Thursday, April 28, 2011
Well after a long process, that was longer than I thought it should be I finished this ring.
This ring serves many purposes:
• I wanted to up my skill level in what I was presenting and working on with the RAW challenge
• I wanted to play with shapes, there are a lot of really cool geometric rings out there, I wanted to try one
• I felt the need to make a commemorative ring
Lets start with the commemorative part:
I am a dorky fan girl. I have accepted this, its just part of who I am, and I currently have a huge crush on Peter Steele.
I have a thing for tall dark broody guys with long black hair and green eyes. (This basically describes my husband--I've already admitted Im fairly shallow and have a limited "type" of guy I will look twice at--and my husband finds this all completely amusing.) Peter Steele was the epitome of tall dark and handsome. He was 6'8"ish, had traffic-light green eyes, and long long black hair. He wrote, sang , and played bass for Type O Negative. His voice was like dark chocolate, deep and resonating, and he was built like Conan the Barbarian. Unfortunately he died last year.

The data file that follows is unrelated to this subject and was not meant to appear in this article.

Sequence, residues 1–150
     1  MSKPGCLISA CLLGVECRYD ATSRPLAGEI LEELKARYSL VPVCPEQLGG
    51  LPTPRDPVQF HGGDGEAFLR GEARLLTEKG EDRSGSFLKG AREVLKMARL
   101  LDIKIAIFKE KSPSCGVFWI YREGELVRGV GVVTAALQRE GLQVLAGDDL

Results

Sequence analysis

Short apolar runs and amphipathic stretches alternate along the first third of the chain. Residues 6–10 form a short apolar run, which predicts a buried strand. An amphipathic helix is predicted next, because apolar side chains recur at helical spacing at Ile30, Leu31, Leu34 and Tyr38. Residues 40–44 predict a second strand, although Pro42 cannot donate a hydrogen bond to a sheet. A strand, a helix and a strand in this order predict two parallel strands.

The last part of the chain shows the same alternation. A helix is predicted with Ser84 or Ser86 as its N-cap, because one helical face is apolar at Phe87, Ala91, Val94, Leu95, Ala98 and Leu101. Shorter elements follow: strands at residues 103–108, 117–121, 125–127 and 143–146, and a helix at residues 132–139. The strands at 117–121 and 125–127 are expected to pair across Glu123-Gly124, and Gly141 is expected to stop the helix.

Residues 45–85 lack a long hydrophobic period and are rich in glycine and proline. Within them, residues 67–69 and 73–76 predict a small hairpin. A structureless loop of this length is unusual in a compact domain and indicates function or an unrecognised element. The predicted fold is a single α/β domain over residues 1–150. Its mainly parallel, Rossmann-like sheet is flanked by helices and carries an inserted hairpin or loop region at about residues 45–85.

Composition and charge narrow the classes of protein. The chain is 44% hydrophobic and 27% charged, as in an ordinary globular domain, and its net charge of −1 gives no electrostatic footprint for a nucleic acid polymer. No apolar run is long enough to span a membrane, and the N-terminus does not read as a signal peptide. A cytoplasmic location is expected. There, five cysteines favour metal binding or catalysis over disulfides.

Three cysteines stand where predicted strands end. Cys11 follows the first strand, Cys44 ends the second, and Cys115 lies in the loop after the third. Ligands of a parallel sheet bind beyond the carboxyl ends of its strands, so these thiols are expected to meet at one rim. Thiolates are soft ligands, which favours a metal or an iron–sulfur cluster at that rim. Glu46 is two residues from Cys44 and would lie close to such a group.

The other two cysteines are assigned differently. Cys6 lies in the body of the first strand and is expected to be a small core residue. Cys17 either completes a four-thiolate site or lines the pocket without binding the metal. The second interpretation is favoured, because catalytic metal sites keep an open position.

I was actively sketching ideas for a commemorative piece to mark the anniversary of his death. I was not originally playing with geometric shapes (I was looking at artistic representations of a penis, heck the man's stage name was Peter Steele and he was the first model for Play Girl to pose erect). I then sort of ditched the idea, and thought I had moved on to just working out some geometric ideas--not related to a commemorative piece--when I realized I was recreating the Type O Negative logo. I ran with that idea (and I could wear it around my kids with out having to explain why mommy has a penis on her finger).